Obama Continues State of the Union Tour With Worker Training Programs Review
WAUKESHA, Wis. - On the second day of his post-State of the Union tour, President Obama signed a new memorandum directing Vice President Joe Biden to spearhead a full-scale review of federal job training programs. Speaking at a General Electric gas engine production plant Thursday, the president said the move was designed to remove or reform inefficient worker education programs from the large number of training programs run or sanctioned by the government.
"We've got a lot of programs, but not all of them are doing - what they should be doing to get people filled for jobs that exist right now," he told an audience of roughly 500 on the facility floor, "We've got to move away from what my labor secretary, Tom Perez, calls 'train and pray.' You know, you train workers first, and then you hope they get a job. We can't do that, partly because it costs money to train folks, and a lot of times young people, they take out loans, so they're getting into debt thinking they've been trained for a job, and then suddenly there's no job there."
The president first cited the memorandum in his State of the Union speech, when he made clear his willingness to use his executive authority to circumvent congressional gridlock.
"I want to work with them, but I can't wait for them," the president said, referring to the House and Senate. "We got too much work to do out there because the defining project of our generation, what we have to tackle right now, what has driven me throughout my presidency and what will drive me until I wave goodbye is making sure that we're restoring opportunity to every single person in America."
The president noted that skilled manufacturing workers who go through job training programs might be able to earn more than an art history major who attended a four year college.
"A lot of parents, unfortunately, maybe when they saw a lot of manufacturing being off-shored, told their kids, 'You don't want to go into the trades, you don't want to go into manufacturing because you'll lose your job.' Well, the problem is that's what happened - a lot of young people no longer see the trades and skilled manufacturing as a viable career," he said.
"But I promise you, folks can make a lot more potentially with skilled manufacturing or the trades than they might with an art history degree," he continued, to some audience laughter. "Now, nothing wrong with an art history degree. I love art history. So I don't want to get a bunch of emails from everybody. I'm just saying, you can make a really good living and have a great career without getting a four- year college education, as long as you get the skills and the training that you need."
Obama also addressed the issue of equal pay for women, including more robust maternity and paternity leave for new families. When women succeed, men succeed, he argued, citing his own experience as an example.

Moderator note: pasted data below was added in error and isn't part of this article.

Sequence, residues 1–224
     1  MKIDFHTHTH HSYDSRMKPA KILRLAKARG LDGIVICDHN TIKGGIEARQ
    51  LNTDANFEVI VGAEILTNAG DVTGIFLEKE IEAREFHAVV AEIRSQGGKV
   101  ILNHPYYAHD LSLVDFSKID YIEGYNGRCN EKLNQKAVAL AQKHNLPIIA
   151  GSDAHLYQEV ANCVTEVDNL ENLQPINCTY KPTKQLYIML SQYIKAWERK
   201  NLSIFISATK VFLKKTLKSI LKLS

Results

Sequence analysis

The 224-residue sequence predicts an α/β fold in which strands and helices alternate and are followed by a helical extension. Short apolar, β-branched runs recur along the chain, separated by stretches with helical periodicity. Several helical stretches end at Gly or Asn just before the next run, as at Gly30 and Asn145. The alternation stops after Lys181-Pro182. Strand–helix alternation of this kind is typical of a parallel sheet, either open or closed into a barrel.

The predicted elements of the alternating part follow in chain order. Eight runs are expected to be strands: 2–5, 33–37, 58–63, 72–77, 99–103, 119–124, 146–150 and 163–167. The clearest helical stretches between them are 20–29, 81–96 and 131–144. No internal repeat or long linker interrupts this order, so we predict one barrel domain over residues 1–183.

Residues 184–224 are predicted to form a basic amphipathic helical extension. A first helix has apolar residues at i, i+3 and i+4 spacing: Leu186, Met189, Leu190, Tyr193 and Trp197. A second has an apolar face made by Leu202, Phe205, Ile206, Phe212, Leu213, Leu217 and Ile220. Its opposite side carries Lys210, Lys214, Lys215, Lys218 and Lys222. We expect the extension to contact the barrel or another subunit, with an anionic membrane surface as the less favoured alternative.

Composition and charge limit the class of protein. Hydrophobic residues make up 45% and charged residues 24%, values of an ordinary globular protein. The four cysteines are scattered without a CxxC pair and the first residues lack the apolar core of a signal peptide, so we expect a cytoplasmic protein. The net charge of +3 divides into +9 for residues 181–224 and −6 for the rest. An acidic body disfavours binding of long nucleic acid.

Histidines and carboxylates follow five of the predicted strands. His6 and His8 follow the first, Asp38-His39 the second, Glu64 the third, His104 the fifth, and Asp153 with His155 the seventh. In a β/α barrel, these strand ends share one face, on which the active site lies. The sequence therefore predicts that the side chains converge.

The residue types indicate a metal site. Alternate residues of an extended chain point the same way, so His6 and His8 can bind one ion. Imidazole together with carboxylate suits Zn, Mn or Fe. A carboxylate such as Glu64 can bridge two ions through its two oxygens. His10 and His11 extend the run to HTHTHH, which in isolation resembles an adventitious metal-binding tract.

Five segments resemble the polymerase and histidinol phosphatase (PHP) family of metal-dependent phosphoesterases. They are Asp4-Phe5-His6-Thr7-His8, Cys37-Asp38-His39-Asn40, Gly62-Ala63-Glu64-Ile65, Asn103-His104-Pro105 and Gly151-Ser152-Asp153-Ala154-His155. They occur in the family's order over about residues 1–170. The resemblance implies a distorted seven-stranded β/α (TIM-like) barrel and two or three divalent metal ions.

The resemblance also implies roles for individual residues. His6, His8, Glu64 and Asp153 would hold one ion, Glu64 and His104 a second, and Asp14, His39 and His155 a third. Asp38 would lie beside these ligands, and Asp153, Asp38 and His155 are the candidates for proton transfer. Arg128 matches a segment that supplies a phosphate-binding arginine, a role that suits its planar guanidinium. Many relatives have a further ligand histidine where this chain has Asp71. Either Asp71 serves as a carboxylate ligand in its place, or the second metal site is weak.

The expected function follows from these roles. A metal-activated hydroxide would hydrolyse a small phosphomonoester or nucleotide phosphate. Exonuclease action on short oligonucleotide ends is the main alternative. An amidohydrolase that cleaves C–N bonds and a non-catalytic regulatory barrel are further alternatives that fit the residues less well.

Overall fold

"As I said on Tuesday, when women succeed, America succeeds. And by the way, when women succeed, men succeed. Because, you know, I don't know about all the guys here, but, you know, when Michelle's doing - doing good and happy, I'm happy too. I'm just saying."
Republicans reacted to the president's memorandum with skepticism. In a lette r issued Thursday morning, House Speaker John Boehner, R-Ohio, and the GOP leadership questioned why Biden would be given the education directive on the heels of a Government Accountability Office report out Tuesday covering similar ground. The GOP also renewed their call for the White House to endorse a tabled House education bill, the SKILLS Act, which was designed to consolidate federal training programs.
"In each area, a House-passed bill is already sitting in the Senate, so there is no reason for further delay," the letter reads.
Congressional Democrats had previously shunned the bill, passed in March, because they believed the cuts went too far, cutting programs targeted toward at-risk communities and without providing sufficient funding for existing programs.
The president's trip Thursday comes two days after he delivered his State of the Union address, and the president joked about one of the messages he left on the cutting room floor.
"At the State of the Union, I was going to start off by saying 'The State of the Union is cold,' but I decided that was not entirely appropriate," he said, referring to abnormally freezing weather in Washington and across much of the country.
When the president landed in Milwaukee, he was greeted by Republican Gov. Scott Walker, who thanked him for the White House's help with a propane crisis in Wisconsin.
"Greeted President & thanked him for his help with propane crisis. His team called me this am & helped with all our requests," Walker tweeted.
The president heads to Nashville, Tenn. this afternoon where he will speak at McGavock High School. Earlier this week, a student at the school allegedly shot and killed another teenager who also attended the school, and the president is expected to address the tragedy.
Reporting from ABC's Arlette Saenz in Wisconsin and Matthew Larotonda in Washington, D.C.